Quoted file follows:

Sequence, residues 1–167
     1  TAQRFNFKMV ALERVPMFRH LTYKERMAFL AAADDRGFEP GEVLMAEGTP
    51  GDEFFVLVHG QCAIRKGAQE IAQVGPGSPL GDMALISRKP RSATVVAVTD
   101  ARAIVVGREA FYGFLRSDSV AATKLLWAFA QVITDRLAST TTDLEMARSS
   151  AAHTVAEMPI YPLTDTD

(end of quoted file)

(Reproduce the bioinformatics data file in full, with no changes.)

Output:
Sequence, residues 1–167
     1  TAQRFNFKMV ALERVPMFRH LTYKERMAFL AAADDRGFEP GEVLMAEGTP
    51  GDEFFVLVHG QCAIRKGAQE IAQVGPGSPL GDMALISRKP RSATVVAVTD
   101  ARAIVVGREA FYGFLRSDSV AATKLLWAFA QVITDRLAST TTDLEMARSS
   151  AAHTVAEMPI YPLTDTD